The handprint stencils you see are usually the signature of the artist or a way of marking your place of belonging.

My favourite piece of art represents the Aboriginal spiritual belief that all life is created from ‘the light’, and although there is also darkness in this world, the message behind this artwork is to insert your face onto the body that has the’spirit of light’ shining through.

Shine on beautiful people!

Copyright August 2012

A Dose of Decadence at the Best Bar in Cairns

A Dose of Decadence at the Best Bar in Cairns

It’s with a heavy heart (and a heavier tummy) that I write this post.

My last hurrah at Salt House.

This unique alfresco bar overlooking the Cairns waterfront instantly became dear to my heart, and I have spent many a leisurely hour (or four) here most days since.

Oh, bar of my dreams, let me count the ways I love thee …

Is it your large comfortable day beds bordered by lush tropical vegetation, with a view of the majestic mountains meeting the sea?

This ultimate ‘hang out’ location is mostly open air which lets in the sights, sounds and smells of tropical North Queensland.  Feel the sun and breeze caressing your skin while you sip your impressive cocktail, a sight sensation in itself.

Is it your cocktails that enamour me so?

I must admit, I don’t generally ‘do’ cocktails, but these lovelies were a little hard to resist, and looked so at home on the edge of my tropical day bed. The Kiwi Dream cocktail remained unsurpassed so I had to steal the recipe!  Future dreamy experiences shall now ensue no matter where I’m located.

Could it be the childlike excitement you instil in me in anticipation of scouring your menu every day (yes, it’s the same menu …) for the most delicious bar food I’ve ever had. Once again, I don’t usually ‘do’ bar food, but this stuff is special. Gourmet style bar food without the hefty price tag.

I’m in a constant dilemma between wanting to try every delicious item on the menu, and not being able to go past my favourites. Fascinating how I manage to convince myself that those delightful, crispy edged sweet potato wedges are a health item and therefore quite acceptable to have every day.

The food presentation was nothing less than a work of art, and of course there’s the fun factor of enjoying it whilst leisurely sprawled on my day bed under warm tropical skies, listening to chilled tunes emanating from the centre bar.

Do I love thee for thy musical moments?

Sunday afternoon  they had live music at the foot of my day bed (aka second home). Guy, guitar and great playlist. Toe-tapping tunes every one of them.

[Insert video clip here – if only I had the WordPress upgrade …!]

A blissful way to ease out of the day and into a relaxed evening in Cairns. A melodious sunset on another fantastic day.

Is it the setting sun across the water that makes you so irresistible my dear Salt House? A tequila sunrise by my side mirror-imaging the view.

A soft, gentle light appears at dusk, bathing my day bed with a delicate afterglow. The breeze takes on a chill and I take out a light jacket, having come prepared for extended hang-out time.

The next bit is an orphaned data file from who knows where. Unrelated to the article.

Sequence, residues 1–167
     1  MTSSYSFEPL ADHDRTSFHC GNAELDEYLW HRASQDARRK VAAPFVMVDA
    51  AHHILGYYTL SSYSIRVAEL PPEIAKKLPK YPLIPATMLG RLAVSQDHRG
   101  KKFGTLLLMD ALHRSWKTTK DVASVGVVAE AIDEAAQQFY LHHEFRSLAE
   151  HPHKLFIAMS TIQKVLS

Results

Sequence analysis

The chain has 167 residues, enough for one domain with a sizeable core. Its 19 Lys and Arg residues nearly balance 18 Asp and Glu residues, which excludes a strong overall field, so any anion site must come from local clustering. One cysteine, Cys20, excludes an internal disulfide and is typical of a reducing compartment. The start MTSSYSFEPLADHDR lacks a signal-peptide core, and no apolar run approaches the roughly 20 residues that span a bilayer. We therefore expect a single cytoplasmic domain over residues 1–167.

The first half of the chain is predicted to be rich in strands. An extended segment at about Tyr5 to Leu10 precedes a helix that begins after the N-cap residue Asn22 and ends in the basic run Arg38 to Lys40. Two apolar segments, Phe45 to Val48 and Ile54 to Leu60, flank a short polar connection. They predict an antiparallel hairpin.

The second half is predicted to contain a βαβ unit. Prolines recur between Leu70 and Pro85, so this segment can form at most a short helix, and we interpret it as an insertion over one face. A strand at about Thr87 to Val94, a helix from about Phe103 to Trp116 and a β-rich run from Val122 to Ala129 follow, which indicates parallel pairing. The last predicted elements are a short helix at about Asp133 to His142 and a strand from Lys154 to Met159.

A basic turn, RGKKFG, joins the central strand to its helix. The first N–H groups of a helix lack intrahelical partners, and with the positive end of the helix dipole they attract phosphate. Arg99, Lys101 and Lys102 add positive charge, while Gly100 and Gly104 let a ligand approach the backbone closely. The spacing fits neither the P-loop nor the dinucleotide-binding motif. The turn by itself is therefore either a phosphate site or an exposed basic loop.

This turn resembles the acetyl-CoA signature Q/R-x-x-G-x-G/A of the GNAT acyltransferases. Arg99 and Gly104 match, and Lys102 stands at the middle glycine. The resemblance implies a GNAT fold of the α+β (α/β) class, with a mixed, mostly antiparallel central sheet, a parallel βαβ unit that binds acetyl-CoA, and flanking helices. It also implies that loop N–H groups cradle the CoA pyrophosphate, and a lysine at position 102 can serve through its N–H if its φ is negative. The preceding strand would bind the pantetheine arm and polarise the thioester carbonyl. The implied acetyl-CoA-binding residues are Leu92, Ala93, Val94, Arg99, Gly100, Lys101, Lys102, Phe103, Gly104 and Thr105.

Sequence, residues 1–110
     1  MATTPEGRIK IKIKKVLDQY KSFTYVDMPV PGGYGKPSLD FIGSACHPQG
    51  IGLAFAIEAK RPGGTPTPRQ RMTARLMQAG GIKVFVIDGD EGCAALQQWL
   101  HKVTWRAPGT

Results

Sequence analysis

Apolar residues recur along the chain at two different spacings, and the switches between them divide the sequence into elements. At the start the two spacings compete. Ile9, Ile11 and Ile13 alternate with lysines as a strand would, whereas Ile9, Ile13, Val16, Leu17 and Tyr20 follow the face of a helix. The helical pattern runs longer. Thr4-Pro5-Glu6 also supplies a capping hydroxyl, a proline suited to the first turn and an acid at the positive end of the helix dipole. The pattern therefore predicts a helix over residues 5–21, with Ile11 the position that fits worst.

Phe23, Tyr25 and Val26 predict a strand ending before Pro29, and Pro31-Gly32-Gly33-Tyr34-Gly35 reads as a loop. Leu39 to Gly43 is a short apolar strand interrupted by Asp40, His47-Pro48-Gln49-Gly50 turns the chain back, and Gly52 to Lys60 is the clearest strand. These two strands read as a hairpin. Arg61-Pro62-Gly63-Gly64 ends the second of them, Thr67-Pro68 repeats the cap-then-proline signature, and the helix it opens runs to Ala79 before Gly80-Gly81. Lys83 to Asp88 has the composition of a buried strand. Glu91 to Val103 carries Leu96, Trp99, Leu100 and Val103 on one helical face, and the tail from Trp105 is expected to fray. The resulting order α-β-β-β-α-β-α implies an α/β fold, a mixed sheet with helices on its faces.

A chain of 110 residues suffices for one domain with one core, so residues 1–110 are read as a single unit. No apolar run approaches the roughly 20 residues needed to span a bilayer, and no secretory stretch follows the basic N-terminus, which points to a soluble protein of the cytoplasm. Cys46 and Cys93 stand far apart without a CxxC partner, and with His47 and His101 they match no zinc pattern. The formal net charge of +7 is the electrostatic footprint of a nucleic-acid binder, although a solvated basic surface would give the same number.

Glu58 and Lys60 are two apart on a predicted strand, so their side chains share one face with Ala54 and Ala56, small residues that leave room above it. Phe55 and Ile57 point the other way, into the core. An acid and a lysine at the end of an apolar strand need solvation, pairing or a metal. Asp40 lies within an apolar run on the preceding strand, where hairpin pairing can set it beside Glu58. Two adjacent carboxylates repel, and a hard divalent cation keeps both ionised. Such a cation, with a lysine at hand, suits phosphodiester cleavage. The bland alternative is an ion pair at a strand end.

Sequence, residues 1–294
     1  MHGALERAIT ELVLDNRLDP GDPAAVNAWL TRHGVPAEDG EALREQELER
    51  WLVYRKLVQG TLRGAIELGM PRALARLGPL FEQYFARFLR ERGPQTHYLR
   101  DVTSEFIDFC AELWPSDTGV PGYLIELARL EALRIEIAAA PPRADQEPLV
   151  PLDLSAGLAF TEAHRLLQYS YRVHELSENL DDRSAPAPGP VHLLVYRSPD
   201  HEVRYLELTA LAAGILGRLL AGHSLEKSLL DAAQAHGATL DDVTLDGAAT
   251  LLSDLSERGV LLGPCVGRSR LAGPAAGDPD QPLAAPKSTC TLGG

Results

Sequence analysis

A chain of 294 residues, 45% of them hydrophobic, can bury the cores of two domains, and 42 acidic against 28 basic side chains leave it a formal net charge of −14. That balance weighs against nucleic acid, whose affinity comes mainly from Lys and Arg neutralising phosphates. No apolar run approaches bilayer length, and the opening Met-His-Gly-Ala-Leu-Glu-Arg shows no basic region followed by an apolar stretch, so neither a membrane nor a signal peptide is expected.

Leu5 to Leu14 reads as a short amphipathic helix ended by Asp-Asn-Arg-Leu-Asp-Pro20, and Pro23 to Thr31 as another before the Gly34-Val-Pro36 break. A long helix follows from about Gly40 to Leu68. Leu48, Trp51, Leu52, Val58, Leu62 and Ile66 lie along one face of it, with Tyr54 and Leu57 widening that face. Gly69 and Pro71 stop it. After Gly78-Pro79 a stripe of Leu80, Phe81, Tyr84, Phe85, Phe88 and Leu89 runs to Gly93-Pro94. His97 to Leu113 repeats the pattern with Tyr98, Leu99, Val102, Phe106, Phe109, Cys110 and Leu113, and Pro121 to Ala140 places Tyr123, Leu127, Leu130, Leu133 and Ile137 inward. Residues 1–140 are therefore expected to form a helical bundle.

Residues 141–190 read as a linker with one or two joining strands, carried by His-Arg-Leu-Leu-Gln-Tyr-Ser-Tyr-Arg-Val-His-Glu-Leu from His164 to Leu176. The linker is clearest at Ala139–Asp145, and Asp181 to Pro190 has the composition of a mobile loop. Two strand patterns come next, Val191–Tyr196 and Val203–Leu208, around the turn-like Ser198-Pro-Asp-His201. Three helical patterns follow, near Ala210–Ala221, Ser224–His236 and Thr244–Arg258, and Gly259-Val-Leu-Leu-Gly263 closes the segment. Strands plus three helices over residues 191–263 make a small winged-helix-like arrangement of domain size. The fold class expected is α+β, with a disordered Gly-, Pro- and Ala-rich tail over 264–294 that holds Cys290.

The outdoor design of this bar gives it a completely different feel (literally and figuratively) to indoor establishments. Perhaps it could be compared to a deluxe beer garden, but that doesn’t seem to do it justice. To quote my partner,  “It’s an upmarket pub without being up itself!”

The casual yet classy atmosphere pervades day and night. The layout is open-plan, spacious and spotlessly clean with private little nooks for individual groups separated by water moats. Being alfresco doesn’t mean that you’re completely at the mercy of the elements. There are several large sun umbrellas that get constantly shuffled around to provide just the required amount of sun/shade. Of course when the tropical cyclone hits, this place could have its disadvantages.

The day beds were certainly prime position but all of the other furniture was also extremely comfortable and designed for lengthy, leisurely sojourns. A great place for meeting friends or simply sitting solo with your favourite book,  journal, and life contemplations.

And the perfect spot for writing up my latest blog article!

Oh, bar of lofty thoughts, how I love the cerebral gymnastics you offer.

Thursday nights are Trivia nights, which aren’t really very lofty, but certainly lots of fun. No, we didn’t retain our previous trivia glory, but did walk away with a bag of peanuts and a head full of new and interesting trivial facts.

Trivia Room with a View

The views from Salt House are divine. The expansive shimmering Coral Sea back-dropped by surrounding mountain ranges in one direction, and Cairns marina with boats bobbing on blankets of blue in the other. Stay there for long enough and feel the atmosphere change as twilight engulfs you.

So, as the sunsets on an era (the age of Salt House) I feel simultaneously sad at leaving but blessed for having discovered this wonderful place and enjoyed it to the fullest.

Fellow travellers, if you are in Cairns and would love to experience total decadence without a dent in your hip pocket, I would highly recommend a trip (or ten) to Salt House.

Copyright August 2012